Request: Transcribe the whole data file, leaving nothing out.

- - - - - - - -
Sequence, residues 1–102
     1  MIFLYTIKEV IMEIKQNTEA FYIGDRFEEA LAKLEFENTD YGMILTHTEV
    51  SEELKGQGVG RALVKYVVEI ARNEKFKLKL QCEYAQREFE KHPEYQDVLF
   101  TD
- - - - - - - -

Sequence, residues 1–102
     1  MIFLYTIKEV IMEIKQNTEA FYIGDRFEEA LAKLEFENTD YGMILTHTEV
    51  SEELKGQGVG RALVKYVVEI ARNEKFKLKL QCEYAQREFE KHPEYQDVLF
   101  TD